B.C.’s economy has not been hurt, but that’s because our carbon tax is small compared to other taxes.  The carbon tax is only 7 cents per litre compared to 30 cents per litre for fuel tax, excise tax, and GST.

The only way that B.C. meets its target for GHG reduction is by buying debatable carbon credits, not through the carbon tax. Marc Lee, senior economist for the Canadian Centre for Policy Alternatives, explains the mischief:

“The B.C. government makes the dubious claim that they met their interim GHG reduction target for 2012 of 6% below 2007 levels. Even then, B.C.’s numbers showed only a 4.4% drop, which, as noted, involves a one-time drop from 2008 to 2009. The claim of 6% reduction is based on the purchase of bogus carbon credits (offsets), making it more fiction than fact.”

The trouble with the purchase of offsets is that there is no detailed reporting on how offsets were used. The whole scheme suffers from “massive credibility problems” after a scathing report by the auditor general.

The 4.4 per cent drop in GHG wasn’t because of the carbon tax. It was because of the Great Recession of 2008 when the world saw a reduction because of slowing economies. Even the U.S. reduced GHG. Between 2007 and 2009, emissions fell by 10 per cent, half of it due to less coal burned, half due to the recession. The Smithsonian magazine says:

“In effect, more than half the carbon decline was due to a drastic drop in the volume of goods consumed by the U.S. population.”

Even the claim that B.C.’s economy was not hurt by the carbon tax is suspect; all of Canada’s economy grew. From 2008 to 2013, B.C.’s economy grew by 12.6 per cent while Canada was 15.1 per cent.

“If we go to constant dollars, there is a very slight edge to B.C. over Canada, but it works out to 0.07% per year in GDP growth rates.”

Our carbon tax could be something worth bragging about if it was significant. With relatively low fuel costs, now would be the time to increase them. If the tax was increased from the current $30/tonne to $200/tonne, fuel prices would only increase to what they were last year.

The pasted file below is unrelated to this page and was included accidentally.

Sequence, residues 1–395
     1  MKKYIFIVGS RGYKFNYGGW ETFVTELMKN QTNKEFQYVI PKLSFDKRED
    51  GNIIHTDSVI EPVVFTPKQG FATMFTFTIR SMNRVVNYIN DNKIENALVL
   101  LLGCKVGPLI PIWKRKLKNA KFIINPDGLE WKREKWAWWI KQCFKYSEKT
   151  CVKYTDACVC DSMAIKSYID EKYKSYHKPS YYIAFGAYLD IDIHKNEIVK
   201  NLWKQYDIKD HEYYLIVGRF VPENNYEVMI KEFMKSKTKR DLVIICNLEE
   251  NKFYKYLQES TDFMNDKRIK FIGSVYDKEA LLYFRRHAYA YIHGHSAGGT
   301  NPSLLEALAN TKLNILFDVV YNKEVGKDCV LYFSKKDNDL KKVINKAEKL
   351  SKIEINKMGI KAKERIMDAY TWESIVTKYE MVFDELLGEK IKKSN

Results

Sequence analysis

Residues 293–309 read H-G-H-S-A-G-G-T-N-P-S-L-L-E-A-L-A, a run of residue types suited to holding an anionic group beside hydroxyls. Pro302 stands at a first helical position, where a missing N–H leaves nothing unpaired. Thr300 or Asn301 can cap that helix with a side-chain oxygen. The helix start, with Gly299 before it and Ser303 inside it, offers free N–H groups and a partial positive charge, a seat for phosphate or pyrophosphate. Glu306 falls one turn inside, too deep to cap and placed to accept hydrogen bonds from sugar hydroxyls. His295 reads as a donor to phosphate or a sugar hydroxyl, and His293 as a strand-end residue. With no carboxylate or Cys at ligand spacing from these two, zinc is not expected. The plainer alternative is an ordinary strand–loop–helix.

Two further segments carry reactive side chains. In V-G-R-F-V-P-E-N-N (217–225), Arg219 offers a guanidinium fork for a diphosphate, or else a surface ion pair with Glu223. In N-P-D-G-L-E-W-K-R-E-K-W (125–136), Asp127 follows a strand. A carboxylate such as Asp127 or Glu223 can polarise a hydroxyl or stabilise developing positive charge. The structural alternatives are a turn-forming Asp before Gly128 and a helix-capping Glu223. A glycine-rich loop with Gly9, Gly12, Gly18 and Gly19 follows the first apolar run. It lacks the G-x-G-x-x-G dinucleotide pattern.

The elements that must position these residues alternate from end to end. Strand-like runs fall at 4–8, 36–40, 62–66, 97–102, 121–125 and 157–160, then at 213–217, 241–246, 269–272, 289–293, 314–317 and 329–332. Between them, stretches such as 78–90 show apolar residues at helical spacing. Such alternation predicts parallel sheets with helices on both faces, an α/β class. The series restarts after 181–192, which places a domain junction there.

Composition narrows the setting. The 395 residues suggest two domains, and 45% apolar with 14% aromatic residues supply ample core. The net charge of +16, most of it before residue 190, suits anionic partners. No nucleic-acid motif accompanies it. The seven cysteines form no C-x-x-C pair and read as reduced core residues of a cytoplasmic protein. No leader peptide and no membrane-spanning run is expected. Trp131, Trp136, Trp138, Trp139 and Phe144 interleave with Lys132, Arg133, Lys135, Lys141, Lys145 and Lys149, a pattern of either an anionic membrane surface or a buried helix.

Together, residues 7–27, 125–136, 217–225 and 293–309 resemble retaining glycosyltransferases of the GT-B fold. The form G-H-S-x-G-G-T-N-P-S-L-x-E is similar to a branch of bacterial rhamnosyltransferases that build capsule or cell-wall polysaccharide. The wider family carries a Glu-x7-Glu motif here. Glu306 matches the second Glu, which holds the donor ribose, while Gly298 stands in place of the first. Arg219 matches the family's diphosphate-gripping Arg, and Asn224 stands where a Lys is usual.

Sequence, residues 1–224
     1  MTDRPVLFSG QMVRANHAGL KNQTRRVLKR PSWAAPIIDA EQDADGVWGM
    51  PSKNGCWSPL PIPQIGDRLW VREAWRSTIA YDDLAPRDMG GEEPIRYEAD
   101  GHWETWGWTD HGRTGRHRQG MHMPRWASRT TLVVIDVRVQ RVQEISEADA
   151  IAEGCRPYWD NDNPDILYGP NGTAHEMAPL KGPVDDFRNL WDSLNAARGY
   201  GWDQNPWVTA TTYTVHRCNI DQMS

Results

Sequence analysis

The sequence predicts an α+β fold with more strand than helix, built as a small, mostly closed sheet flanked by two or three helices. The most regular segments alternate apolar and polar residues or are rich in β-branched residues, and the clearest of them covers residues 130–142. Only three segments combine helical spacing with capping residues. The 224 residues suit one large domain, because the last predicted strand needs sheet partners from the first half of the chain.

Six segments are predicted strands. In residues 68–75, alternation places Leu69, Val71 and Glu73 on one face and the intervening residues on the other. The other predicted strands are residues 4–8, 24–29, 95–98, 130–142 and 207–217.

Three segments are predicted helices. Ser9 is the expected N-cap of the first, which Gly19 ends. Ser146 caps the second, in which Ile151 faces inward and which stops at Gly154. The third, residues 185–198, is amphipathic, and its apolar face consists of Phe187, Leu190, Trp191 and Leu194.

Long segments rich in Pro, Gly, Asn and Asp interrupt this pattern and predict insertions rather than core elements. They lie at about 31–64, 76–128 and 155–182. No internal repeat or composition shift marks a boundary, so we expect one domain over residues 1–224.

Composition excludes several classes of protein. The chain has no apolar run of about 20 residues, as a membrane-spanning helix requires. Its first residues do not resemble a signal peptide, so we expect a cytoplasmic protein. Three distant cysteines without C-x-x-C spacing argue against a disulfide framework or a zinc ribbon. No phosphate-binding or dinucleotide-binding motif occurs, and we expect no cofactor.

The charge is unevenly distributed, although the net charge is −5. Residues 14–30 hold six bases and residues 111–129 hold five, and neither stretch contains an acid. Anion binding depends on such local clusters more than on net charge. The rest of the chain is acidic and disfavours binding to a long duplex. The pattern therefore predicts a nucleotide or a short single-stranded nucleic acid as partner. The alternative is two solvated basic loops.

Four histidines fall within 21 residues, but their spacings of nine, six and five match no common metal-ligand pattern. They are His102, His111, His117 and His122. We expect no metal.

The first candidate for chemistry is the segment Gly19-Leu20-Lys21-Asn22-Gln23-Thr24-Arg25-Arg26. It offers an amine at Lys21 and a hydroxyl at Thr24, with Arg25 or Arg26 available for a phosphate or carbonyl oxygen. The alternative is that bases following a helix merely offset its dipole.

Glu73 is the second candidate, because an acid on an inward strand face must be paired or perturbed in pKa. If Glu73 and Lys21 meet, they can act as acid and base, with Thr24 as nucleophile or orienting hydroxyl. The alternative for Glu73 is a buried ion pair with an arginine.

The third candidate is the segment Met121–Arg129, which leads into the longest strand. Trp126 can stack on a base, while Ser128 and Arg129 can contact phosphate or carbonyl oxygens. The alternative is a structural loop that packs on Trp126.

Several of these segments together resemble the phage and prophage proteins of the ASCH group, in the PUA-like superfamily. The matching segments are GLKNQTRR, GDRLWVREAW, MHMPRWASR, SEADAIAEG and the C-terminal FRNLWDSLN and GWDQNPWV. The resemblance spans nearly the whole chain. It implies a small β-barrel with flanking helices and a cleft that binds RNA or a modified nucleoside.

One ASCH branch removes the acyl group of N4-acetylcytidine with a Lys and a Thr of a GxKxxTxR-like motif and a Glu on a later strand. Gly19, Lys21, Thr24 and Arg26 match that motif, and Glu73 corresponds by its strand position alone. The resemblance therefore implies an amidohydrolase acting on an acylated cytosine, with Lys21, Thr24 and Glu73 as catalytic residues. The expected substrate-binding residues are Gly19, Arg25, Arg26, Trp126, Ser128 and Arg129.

And since the carbon tax is revenue neutral, there would be no net increase in taxes. Even then, a better idea would be to invest the tax in renewable energy and public transit to lower GHG further. Meanwhile, let’s get real about our carbon tax.

“We need to stop telling fairy tales about the province’s climate action policies and its carbon tax (and I say this as a general supporter of carbon taxes).”

B.C.’s Premier Clark has a lot of explaining to do. Her proposed LNG project will result in the province exceeding targets. Clark’s new plan to be released by December will tell us whether our pride in the carbon tax is warranted.

Kamloops Community Network -a vision unfulfilled.


Olds, not Kamloops, became Canada’s first gigabit town after big carriers refused to expand services. We could have had it before the Alberta town. Taking matters into its own hands, Olds launched a municipal Internet utility with 1 Gbps service.

Olds understands that high speed data connections are as important as any other infrastructure. Information highways are as vital as roadways in making small towns attractive places for innovative people to live and for business to thrive.


To get some idea of just how fast 1 Gigabits per second is, I checked the speed of my internet connection at home in Kamloops. At a download speed of 28 Mbps, it’s a bit better than city average. But its only three per cent of what we could have had. You can check your speeds at the Global Standard for Internet Metrics (OOKLA), as well as checking local, national, and global speeds for comparison.

Former city technology manager Frank Mayhood had a vision for Kamloops in1998 after reading an article in Scientific American. He figured that all of Kamloops 25,000 buildings could be wired for less than it cost to build our water treatment plant.

We would have been the most wired city our size in Canada. And forget that old critism that public projects shouldn’t compete with private: Frank’s project wouldn’t compete any more than public roads do. “It’s like a port for ships or roads for trucks. The government builds ports and roads but private companies own the ships which dock and the trucks which drive on the roads carrying goods,” Mayhood told Kamloops This Week in 2001.